The controversial Roanoke City School superintendent was on the cover in December 1983. He’s still shaking things up in education.
Dr. Frank Tota, the Roanoke City School superintendent during the turbulent 1980s and early 1990s, is 75 now and lives in Laguna Niguel, California,with his watercolors, his Parkinson’s Disease, his presidential commission assignment and some fond memories of his years here.
Tota was a controversial change agent at a time when the city’s education system was at a low point. He shook it up, made changes in personnel and programs, enraged some of the entrenched powers and inspired caricatures from The Roanoker. Physically, he was easy to draw with his Franciscan monk haircut, his Mexican bandito mustache, his tight suits and his regal bearing.
“The Roanoker had a lot of fun with me,” he says now. “And, frankly, I thought it was fun, too. I was younger then and found it interesting to get different perspectives. Some people had difficulty with the changes we made, but we proved the students in the city were better than anybody thought. They were as good as those in the county and at North Cross [School].”
Tota emphasized opportunities for poor and minority students, helping many get into college with programs his administration initiated. He is primarily responsible for Roanoke’s magnet schools and the highly controversial student pilot program that was run for a while out of Addison Aerospace Magnet School.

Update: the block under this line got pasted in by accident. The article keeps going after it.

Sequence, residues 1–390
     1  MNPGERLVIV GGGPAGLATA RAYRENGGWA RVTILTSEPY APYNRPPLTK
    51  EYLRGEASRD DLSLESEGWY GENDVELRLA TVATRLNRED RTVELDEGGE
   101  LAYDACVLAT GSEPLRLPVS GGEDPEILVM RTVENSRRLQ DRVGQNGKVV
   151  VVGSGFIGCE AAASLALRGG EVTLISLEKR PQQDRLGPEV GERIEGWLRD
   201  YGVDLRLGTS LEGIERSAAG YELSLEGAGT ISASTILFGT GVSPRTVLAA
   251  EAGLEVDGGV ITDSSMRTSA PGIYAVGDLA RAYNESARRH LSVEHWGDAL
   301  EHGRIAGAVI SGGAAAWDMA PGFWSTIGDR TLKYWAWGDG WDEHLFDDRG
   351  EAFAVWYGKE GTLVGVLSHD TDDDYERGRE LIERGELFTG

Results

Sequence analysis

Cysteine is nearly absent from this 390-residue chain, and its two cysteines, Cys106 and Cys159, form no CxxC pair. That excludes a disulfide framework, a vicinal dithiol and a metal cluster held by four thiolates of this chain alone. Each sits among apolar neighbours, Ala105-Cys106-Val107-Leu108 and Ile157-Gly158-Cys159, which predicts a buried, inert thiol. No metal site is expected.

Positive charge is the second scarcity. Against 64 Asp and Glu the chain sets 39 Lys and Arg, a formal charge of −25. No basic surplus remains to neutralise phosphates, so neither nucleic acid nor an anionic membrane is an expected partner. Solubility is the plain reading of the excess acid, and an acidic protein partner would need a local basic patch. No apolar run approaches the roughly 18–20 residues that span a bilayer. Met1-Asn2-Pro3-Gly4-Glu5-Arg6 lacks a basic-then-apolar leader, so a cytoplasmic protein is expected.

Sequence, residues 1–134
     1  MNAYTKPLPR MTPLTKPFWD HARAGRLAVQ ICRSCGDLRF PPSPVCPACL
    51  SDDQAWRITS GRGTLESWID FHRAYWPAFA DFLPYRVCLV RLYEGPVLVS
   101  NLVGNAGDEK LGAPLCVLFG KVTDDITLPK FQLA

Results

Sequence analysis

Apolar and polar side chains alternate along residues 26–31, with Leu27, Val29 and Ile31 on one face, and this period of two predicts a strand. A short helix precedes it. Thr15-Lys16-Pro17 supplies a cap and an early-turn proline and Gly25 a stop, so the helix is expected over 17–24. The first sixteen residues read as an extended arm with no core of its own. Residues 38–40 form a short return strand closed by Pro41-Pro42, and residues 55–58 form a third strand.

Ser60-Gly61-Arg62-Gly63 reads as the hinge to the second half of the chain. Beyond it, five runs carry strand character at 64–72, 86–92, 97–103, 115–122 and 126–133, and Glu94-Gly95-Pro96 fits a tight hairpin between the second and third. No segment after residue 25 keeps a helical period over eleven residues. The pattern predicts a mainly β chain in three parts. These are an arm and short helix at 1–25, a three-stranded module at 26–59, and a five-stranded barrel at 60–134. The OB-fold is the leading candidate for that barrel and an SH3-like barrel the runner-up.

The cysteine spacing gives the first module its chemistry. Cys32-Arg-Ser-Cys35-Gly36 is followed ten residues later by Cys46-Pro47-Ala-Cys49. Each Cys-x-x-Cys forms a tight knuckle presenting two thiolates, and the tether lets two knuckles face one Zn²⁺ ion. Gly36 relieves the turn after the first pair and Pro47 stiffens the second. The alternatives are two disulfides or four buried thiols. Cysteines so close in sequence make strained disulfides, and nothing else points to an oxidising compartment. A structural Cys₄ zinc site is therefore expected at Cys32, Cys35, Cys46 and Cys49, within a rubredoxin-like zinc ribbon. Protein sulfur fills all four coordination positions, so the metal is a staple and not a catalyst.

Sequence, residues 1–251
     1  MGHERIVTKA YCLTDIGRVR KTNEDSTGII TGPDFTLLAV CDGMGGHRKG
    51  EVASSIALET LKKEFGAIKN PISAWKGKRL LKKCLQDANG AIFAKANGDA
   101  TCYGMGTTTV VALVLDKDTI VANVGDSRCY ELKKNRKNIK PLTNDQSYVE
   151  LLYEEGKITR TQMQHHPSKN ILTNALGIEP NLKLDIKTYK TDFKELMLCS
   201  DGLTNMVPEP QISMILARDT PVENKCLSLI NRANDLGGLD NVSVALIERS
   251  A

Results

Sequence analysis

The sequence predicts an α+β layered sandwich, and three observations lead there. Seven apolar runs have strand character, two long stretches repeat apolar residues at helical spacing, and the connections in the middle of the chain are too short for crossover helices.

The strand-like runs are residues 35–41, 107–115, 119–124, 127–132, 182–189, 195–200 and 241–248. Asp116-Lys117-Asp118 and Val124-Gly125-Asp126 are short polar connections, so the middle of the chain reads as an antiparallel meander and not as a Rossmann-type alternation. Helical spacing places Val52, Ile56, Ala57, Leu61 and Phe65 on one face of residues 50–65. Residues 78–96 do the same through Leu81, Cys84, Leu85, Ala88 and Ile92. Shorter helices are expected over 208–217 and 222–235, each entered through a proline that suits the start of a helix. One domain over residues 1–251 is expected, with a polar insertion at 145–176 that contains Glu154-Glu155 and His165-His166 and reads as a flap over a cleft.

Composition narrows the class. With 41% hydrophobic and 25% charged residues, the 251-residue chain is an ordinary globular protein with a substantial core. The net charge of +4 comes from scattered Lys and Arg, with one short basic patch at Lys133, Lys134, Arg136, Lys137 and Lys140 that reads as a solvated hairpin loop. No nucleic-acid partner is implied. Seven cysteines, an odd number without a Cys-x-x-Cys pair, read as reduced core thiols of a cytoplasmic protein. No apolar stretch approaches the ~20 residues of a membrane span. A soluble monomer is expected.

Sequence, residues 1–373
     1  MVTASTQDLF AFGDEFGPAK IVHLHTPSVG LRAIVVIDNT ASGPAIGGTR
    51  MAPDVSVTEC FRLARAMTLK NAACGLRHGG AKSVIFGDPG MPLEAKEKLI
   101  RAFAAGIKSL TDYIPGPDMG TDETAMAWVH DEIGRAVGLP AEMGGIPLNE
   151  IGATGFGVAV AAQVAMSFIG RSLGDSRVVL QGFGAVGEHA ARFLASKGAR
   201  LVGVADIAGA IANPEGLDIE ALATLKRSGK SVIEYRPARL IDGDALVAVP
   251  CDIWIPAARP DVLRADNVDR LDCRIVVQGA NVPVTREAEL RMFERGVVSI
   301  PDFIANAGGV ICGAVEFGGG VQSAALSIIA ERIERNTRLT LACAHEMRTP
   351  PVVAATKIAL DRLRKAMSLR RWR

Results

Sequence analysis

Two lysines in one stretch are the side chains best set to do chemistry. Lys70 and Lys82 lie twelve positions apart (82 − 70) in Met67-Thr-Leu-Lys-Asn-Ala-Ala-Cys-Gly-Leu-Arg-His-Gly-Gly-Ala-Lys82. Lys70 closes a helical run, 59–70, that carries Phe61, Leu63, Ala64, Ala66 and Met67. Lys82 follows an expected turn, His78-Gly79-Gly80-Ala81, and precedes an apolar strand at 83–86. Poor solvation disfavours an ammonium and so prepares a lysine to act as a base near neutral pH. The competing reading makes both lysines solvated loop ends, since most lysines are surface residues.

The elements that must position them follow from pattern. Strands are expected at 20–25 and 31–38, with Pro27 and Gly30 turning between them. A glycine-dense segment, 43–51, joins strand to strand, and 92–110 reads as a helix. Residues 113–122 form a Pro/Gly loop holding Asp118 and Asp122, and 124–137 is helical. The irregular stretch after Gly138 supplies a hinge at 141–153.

Tota continues that innovative emphasis these days as part of a national approach by the Obama Administration, he says.
“I put in a lot of hours with that,” he says. Initially, he had worked with nearby California University’s School of Education, he says, and “I’ve retired a few times. We like to travel a lot.”
Shortly after he left Roanoke in 1993, announcing his retirement then, he discovered he had Parkinson’s Disease, Tota says. These days, he works with the national foundation and “I sell some of my paintings to benefit them.” The watercolor came in retirement, as well. “One of the things I’ve always stressed,” he says, “is that you can’t just look at anybody and judge them. I had no idea I had a talent for painting, but I gave it a try and I do.”
Tota lives with his wife of 45 years, Eileen. They have two sons, Christopher, who lives two hours away in California and Frank Jr., who lives in Maine with his wife and the Totas’ only grandchild. None of the family remains in Roanoke.